Survey suggests Canadian firms are more pessimistic about unfolding global economic conditions.
OTTAWA: Canada’s small and medium-sized firms are feeling more pessimistic about unfolding economic conditions, a new survey suggests.
The Canadian Federation of Independent Business survey for May dropped a further 1.6 points on top of a setback in April.
At 64.8, the index is now at its the lowest level since November.
CFIB economist Ted Mallett says despite relatively strong fundamentals, optimism in Canada is being kept in check by financial market jitters emanating from Europe.
Not surprisingly, confidence was higher in western Canada, where resource-based economies have performed better than those of the rest of the country in recent years.
Confidence was highest in Alberta and Saskatchewan with a readings of about 72, and lowest in Nova Scotia and Prince Edward Island, both below 60. The Ontario index was only slightly better at 61.1.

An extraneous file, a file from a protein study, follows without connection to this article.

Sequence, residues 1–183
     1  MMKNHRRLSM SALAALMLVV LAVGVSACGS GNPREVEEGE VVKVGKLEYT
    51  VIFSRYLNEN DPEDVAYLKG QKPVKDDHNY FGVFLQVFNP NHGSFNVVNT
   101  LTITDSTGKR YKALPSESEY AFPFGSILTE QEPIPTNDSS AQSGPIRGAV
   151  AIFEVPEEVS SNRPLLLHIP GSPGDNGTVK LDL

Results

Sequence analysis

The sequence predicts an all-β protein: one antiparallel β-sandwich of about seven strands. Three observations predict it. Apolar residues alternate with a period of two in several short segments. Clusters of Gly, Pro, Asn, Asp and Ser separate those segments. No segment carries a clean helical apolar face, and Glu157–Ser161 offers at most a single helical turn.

“Until it is clear that the situation in Europe has been contained, Canadian businesses are unlikely to gain much confidence,” TD Bank economist Dina Cover said in reference to the survey findings.
There was a thin silver lining in the report. About one in five of the 795 firms that made up the survey said they planned to increase full-time staffing in the next three or four months.
In a separate report, the Conference Board’s Help-Wanted Index resumed its upward trend in April, rising 2.2 percentage points.
After a half-year of largely flat employment, the economy created 140,000 new jobs in March and April. Statistics Canada will release the results for May on Friday.
©The Canadian Press